Baudin’s Black Cockatoo

$650.00

+ Free Shipping

Baudin’s Black Cockatoo

Baudin’s Black Cockatoo parrot. It is also known as Baudin’s cockatoo or the long-billed black cockatoo, which is a species of genus Zanda found in southwest Australia. It has a short crest on the top of its head, and the plumage is mostly greyish black.

It has prominent white cheek patches and a white tail band. The body feathers are edged with white giving a scalloped appearance. Adult males have a dark grey beak and pink eye-rings. Adult females have bone-colored beaks, grey eye-rings, and ear patches that are paler than those of the males.

Buy Baudin’s Black Cockatoo parrot for sale

Baudin’s black cockatoo (Zanda baudinii), also known as Baudin’s cockatoo or the long-billed black cockatoo, is a species of genus Zanda found in southwest Australia. The epithet commemorates the French explorer Nicolas Baudin. It has a short crest on the top of its head, and the plumage is mostly greyish black. It has prominent white cheek patches and a white tail band. The body feathers are edged with white giving a scalloped appearance. Adult males have a dark grey beak and pink eye-rings. Adult females have a bone coloured beak, grey eye-rings and ear patches that are paler than those of the males.

Taxonomy and naming

Baudin’s black cockatoo was depicted in 1832 by the English artist Edward Lear in his Illustrations of the Family of Psittacidae, or Parrots from a specimen owned by the naturalist Benjamin Leadbeater. Lear used the common name “Baudin’s cockatoo” and coined the binomial name Calyptorhynchus baudinii.[2] The common name and specific epithet commemorate the French explorer Nicolas Baudin, who led an expedition to Australia in 1801-1804.[3] The species is now placed in the genus Zanda that was introduced in 1913 by the Australian born ornithologist Gregory Mathews.[4][5]

Carnaby’s black cockatoo (Zanda latirostris) and Baudin’s black cockatoo were previously classified as the same species.[6] Common names include Baudin’s black cockatoo or long-billed black cockatoo.[7]

The two Western Australian white-tailed black cockatoo species, the short-billed Carnaby’s black cockatoo and this long-billed Baudin’s black cockatoo, together with the yellow-tailed black cockatoo Zanda funerea of eastern Australia are allied in the genus Zanda. Previously this genus was considered a subgenus of Calyptorhynchus, with the red-tailed black cockatoo and glossy black cockatoos forming another subgenus, Calyptorhynchus, but due to a deep genetic divergence between the two groups they are now widely treated as separate genera.[8] The two genera differ in tail colour, head pattern, juvenile food begging calls and the degree of sexual dimorphism. Males and females of Calyptorhynchus sensu stricto have markedly different plumage, whereas those of Zanda have similar plumage.[9]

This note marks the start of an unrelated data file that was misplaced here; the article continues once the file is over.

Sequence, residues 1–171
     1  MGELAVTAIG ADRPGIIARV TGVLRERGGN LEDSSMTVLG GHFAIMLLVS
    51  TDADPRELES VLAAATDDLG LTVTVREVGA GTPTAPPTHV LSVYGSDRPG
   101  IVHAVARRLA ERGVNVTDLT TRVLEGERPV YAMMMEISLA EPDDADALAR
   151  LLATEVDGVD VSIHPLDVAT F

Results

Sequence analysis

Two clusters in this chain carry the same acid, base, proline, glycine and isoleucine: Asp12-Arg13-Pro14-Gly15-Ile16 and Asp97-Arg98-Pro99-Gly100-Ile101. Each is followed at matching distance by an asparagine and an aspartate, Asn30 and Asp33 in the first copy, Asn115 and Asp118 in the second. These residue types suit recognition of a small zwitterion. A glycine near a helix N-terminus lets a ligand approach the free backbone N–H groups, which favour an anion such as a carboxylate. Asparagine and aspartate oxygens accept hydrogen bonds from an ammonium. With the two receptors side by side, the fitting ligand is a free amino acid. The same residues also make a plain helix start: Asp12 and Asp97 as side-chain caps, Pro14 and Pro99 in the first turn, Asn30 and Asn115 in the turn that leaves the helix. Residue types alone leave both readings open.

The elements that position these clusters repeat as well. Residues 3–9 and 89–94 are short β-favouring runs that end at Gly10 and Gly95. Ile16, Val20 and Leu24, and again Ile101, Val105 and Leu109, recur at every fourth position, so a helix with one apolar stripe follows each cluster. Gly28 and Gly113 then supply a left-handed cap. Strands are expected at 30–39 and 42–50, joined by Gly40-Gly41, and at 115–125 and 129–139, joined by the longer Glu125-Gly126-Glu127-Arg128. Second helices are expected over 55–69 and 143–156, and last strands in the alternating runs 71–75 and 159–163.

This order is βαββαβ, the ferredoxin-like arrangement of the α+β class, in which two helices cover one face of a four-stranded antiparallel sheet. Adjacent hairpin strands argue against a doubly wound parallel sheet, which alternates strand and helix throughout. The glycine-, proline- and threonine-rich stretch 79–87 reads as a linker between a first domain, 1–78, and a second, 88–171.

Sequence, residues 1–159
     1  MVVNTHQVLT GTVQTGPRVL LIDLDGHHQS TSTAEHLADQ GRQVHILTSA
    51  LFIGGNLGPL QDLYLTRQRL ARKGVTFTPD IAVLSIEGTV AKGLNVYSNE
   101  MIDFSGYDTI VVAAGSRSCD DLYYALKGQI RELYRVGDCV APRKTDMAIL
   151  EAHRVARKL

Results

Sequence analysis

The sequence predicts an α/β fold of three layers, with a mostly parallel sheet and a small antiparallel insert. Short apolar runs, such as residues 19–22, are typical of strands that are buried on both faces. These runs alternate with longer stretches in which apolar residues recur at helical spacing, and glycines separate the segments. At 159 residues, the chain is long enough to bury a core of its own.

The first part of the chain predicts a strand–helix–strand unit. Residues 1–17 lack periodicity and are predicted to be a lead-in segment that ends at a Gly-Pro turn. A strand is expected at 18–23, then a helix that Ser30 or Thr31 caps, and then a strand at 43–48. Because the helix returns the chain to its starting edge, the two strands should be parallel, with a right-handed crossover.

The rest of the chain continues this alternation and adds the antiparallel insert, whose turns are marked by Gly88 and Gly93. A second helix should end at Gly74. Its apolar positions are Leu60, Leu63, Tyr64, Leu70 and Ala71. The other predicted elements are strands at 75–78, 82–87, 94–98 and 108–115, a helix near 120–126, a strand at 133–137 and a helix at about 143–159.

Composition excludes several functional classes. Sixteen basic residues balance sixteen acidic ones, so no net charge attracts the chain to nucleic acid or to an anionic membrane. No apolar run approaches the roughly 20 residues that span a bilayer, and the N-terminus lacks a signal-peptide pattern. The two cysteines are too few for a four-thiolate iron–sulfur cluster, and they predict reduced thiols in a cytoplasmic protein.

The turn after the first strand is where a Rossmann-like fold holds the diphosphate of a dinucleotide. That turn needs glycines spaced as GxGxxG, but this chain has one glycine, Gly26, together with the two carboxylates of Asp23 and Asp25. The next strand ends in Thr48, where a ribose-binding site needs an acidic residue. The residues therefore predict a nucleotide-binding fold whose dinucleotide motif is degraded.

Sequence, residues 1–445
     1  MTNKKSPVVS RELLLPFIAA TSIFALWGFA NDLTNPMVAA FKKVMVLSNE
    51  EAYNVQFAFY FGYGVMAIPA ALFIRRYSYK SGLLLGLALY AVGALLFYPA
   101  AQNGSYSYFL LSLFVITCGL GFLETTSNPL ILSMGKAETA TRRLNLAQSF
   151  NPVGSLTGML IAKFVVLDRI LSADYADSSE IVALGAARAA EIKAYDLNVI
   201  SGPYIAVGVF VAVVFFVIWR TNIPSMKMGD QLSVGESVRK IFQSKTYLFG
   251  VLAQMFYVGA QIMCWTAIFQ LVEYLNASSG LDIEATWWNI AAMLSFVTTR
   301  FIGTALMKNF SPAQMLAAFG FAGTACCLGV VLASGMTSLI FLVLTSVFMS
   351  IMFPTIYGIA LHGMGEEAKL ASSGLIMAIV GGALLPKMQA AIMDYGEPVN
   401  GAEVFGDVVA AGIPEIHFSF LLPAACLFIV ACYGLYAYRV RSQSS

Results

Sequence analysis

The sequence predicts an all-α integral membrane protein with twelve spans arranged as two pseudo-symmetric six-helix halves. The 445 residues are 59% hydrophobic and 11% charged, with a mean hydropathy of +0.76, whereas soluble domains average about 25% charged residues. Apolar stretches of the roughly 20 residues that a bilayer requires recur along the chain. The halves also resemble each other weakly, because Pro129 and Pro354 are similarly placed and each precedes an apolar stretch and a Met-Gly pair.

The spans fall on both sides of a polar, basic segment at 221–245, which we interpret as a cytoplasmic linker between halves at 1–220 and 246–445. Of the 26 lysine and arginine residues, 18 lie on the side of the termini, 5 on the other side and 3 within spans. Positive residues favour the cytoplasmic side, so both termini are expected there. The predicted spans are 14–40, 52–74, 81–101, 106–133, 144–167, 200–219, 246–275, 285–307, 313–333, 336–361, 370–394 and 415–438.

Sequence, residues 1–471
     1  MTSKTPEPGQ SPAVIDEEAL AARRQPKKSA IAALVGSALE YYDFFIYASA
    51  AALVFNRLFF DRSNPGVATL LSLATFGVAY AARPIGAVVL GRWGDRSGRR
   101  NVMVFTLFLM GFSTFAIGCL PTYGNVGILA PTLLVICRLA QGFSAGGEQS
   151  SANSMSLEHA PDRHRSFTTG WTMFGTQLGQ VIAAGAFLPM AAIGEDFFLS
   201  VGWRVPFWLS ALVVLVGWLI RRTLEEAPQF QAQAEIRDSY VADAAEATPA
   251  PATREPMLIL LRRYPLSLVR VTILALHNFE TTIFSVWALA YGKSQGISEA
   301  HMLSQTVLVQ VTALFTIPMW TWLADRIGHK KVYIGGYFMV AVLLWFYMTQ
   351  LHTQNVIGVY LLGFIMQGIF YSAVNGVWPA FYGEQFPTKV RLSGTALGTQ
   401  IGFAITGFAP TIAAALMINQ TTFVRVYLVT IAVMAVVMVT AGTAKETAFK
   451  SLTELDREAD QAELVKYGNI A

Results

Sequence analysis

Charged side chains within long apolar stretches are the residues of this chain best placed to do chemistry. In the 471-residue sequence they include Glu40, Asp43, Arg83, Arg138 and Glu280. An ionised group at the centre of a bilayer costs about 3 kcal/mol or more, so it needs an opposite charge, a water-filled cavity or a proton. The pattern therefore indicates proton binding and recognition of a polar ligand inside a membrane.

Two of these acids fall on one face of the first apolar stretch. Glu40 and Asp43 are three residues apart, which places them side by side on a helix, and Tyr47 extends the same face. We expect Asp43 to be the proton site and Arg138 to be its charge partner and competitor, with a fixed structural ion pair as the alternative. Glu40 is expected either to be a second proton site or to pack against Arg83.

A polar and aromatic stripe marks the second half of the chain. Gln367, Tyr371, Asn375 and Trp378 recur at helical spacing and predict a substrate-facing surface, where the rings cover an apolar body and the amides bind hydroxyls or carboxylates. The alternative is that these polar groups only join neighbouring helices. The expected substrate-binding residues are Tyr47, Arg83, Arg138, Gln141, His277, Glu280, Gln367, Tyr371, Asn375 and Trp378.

The three species of the genus Zanda have been variously considered as two, then as a single species for many years. In a 1979 paper, Australian ornithologist Denis Saunders highlighted the similarity between the short-billed and the southern race xanthanotus of the yellow-tailed and treated them as a single species with the long-billed as a distinct species. He proposed that Western Australia had been colonised on two separate occasions, once by a common ancestor of all three forms (which became the long-billed black cockatoo), and later by what has become the short-billed black cockatoo.[10] However, an analysis of protein allozymes published in 1984 revealed the two Western Australian forms to be more closely related to each other than to the yellow-tailed,[11] and the consensus since then has been to treat them as three separate species.[9]

Description

Baudin’s black cockatoo is about 56 cm (22 in) long. It is mostly dark-grey with narrow vague light-grey scalloping, which is produced by narrow pale-grey margins at the tip of dark-grey feathers. It has a crest of short feathers on its head, and it has whitish patches of feathers that cover its ears. Its lateral tail feathers are white with black tips, and the central tail feathers are all black. The irises are dark brown and the legs are brown-grey. Its beak is longer and narrower than that of the closely related and similar Carnaby’s black cockatoo.[12]

The adult male has a dark grey beak and pink eye-rings. The adult female has a bone coloured beak, grey eye-rings, and its ear patches are paler than that of the male. Juveniles have a bone coloured beak, grey eye-rings, and have less white in the tail feathers.

Reviews

There are no reviews yet.

Be the first to review “Baudin’s Black Cockatoo”

Your email address will not be published. Required fields are marked *

Shopping Cart